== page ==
Athens: A Soulful Survivor
- How an ancient city is moving forward
Athens is a city of drama and tensions and contradictions. But that's what makes for a great energy.
Once the guiding light of the Classical world, Athens has repeatedly come through challenging times, including a near-halt and a mass exodus of talent from which it is still recovering. But Athens is an addictive city and it’s reemergence teaches us that even facing the future, cities do well to remember their past.
Athens is no stranger to crises. The cradle of Western Civilisation — which, it is good to remind ourselves, emerged out of its arts, culture and philosophy supported by seafaring trade (and not the other way around) — was once the glory of the Classical world. Its ancient port of Piraeus has made it a crossroads for goods, people and ideas ever since. The city’s importance meant it was fought over throughout its history. Sacked multiple times, its population was reduced to only a few thousand after the Greek War of Independence in the 1830s. Nevertheless, Athens’ identity and aura was so strong that it was chosen as the capital for the new Greek state, largely for sentimental reasons. It is an identity that still pumps life through the city’s veins today.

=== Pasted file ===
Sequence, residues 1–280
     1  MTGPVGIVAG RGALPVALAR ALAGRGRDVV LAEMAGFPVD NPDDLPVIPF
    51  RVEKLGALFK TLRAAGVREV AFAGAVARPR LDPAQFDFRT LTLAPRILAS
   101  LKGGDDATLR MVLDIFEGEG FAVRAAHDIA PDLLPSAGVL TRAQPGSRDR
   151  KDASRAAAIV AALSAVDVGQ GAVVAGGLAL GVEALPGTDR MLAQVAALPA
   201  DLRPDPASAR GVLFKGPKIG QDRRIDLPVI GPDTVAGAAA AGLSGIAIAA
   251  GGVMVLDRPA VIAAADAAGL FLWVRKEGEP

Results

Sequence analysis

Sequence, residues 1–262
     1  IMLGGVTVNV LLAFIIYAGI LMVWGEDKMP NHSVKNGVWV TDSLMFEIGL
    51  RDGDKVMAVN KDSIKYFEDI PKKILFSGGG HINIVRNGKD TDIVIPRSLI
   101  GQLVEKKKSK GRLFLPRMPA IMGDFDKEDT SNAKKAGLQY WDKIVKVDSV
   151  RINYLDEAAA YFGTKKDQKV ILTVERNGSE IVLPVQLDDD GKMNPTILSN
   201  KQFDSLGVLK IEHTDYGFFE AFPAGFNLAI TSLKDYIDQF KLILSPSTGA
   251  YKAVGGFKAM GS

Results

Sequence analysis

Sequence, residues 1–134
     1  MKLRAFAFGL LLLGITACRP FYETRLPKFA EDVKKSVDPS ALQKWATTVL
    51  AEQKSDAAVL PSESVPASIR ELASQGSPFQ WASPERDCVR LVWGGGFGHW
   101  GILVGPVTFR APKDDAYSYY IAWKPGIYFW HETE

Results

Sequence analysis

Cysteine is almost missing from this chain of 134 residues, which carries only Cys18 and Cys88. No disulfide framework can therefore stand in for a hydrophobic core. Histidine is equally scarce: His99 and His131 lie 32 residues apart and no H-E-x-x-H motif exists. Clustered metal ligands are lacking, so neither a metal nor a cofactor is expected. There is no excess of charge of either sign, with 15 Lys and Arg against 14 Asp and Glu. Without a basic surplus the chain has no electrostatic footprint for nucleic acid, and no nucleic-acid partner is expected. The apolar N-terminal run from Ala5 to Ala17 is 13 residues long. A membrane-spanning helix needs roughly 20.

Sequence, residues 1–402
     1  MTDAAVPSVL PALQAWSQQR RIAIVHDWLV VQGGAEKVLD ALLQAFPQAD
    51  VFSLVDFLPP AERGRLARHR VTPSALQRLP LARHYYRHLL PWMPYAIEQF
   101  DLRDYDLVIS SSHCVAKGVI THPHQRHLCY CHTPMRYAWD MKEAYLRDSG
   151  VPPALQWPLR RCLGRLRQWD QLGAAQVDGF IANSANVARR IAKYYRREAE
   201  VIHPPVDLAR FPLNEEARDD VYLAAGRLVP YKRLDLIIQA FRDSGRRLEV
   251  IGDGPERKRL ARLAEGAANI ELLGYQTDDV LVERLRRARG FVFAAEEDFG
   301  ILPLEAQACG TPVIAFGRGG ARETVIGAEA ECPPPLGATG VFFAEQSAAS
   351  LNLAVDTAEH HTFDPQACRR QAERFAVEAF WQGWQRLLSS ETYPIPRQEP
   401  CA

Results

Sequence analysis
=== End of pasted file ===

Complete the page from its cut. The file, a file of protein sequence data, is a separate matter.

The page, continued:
Virna Koutla is an architect and artist who lives in Athens and, like many others, she feels a strong sense of attachment to the city and its history. “For me, Athens is very particular in that sense. There are so many layers, but they are not hidden, they’re out in the open. You walk past marbles that are centuries old. You take a right turn and you see the Parthenon. It’s part of the city narrative. It’s what draws you back here. If you’ve lived in Athens, the spirit of the place always draws you back to it.”